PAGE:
Here, in more detail, are some ingredients you’ll want to make sure you have in order to unlock the wisdom of crowds:

  1. A clear understanding of the problem: Team members need to have an awareness of the problem you’re trying to solve. However, in presenting the challenge, you’ll want to avoid suggesting potential solutions you’re already pursuing or those that may not have worked.
  2. Group member independence: Ideas and guesses need to be developed independently of each other. Each person has to share their thoughts without the knowledge of other people’s perspectives. One client uses sticky notes distributed at the start of a meeting to gather these ideas.
  3. A diversity of opinion: It’s very important to have a diversity of opinions in the room. Try to invite those who might see themselves as “experts,” but include those who may just have familiarity or a passing interest in the challenge. You want to have a heterogeneous group of people who have access to different perspectives on how to solve the problem.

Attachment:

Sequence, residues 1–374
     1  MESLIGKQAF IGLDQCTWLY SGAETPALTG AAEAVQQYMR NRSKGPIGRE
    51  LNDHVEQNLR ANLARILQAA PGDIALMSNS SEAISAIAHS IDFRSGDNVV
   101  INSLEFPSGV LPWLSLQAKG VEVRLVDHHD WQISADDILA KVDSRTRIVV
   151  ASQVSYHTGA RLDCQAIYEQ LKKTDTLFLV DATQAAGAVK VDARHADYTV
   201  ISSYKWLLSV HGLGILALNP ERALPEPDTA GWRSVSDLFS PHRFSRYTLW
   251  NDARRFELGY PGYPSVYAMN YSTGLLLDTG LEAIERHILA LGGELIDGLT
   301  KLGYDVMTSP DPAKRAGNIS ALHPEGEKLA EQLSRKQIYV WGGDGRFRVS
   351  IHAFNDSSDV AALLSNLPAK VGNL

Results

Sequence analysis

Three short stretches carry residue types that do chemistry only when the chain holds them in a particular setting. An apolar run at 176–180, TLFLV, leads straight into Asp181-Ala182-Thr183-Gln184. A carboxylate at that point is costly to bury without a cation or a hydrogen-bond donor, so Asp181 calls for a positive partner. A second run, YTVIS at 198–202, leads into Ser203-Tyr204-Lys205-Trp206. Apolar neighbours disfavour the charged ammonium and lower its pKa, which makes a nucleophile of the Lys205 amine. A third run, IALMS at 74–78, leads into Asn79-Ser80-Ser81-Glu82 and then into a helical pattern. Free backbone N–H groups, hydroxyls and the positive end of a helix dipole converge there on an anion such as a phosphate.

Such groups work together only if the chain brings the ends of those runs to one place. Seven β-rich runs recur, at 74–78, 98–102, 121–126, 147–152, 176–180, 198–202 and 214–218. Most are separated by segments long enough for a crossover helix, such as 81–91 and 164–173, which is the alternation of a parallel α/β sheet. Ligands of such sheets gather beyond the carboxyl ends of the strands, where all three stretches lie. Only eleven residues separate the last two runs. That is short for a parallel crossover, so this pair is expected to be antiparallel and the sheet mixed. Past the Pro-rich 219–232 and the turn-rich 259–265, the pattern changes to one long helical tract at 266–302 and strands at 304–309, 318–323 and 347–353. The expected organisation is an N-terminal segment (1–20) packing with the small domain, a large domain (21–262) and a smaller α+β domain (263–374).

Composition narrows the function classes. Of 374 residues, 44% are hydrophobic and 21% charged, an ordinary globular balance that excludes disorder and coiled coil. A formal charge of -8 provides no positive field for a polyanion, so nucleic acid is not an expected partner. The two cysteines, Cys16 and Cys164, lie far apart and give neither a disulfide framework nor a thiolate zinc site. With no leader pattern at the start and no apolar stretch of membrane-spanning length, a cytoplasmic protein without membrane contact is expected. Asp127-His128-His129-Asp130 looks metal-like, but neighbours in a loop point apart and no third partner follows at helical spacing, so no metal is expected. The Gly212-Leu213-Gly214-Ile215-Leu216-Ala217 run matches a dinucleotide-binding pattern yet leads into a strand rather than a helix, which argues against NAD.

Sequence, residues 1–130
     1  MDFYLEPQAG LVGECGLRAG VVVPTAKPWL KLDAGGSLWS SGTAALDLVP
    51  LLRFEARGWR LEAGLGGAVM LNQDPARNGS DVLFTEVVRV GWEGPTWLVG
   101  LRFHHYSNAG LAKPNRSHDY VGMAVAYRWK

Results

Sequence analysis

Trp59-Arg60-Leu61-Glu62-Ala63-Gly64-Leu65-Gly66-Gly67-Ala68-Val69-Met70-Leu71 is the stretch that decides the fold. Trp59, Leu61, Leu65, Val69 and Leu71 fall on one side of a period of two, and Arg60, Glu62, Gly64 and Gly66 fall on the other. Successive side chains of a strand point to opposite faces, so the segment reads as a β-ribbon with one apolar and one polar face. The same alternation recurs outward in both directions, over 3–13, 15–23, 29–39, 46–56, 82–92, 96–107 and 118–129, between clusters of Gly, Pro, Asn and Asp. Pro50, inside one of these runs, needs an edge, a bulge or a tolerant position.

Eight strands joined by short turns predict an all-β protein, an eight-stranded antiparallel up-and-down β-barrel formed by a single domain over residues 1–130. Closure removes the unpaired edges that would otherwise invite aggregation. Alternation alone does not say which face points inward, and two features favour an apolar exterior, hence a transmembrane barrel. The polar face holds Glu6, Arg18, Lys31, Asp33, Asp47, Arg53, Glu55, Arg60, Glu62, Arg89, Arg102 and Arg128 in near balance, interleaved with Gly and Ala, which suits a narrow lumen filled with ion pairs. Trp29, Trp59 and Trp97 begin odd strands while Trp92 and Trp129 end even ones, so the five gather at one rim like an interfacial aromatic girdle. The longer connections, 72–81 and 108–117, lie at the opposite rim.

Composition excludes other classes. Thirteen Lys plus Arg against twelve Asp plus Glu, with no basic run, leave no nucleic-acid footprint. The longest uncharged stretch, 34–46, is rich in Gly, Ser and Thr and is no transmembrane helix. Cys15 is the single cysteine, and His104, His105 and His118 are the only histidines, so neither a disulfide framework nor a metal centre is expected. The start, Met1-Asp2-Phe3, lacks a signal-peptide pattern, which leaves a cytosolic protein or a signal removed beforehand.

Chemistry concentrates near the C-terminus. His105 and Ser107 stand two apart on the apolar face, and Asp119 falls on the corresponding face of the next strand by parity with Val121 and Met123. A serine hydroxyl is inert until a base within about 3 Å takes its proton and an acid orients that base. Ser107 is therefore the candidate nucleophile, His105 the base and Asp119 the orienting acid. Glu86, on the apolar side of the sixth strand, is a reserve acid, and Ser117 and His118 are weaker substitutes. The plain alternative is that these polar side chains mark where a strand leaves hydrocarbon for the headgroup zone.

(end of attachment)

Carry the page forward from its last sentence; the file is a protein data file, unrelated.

4. Don’t share too much information: The people providing input or ideas should be able to draw from their own personal knowledge about how to solve the problem.
  5. Aggregating the ideas: You’ll need a way of collecting and categorizing the ideas to both discuss and then ultimately vote on which the group thinks has the highest probability of success.

Opinions expressed in this article are those of the guest author and not necessarily Marketing Land. Staff authors are listed here.


About The Author

Rex Briggs is Founder and CEO of Marketing Evolution and has more than 20 years of experience in research and analytics. Rex focuses on omni-channel personal level marketing attribution and optimization. He served on the review board of JAR, and serves on Research World’s editorial board. He is the best-selling author of two books, “What Sticks, Why Advertising Fails and How to Guarantee Yours Success” (2006) and “SIRFs Up, The Story of How Algorithms And Software Are Changing Marketing”.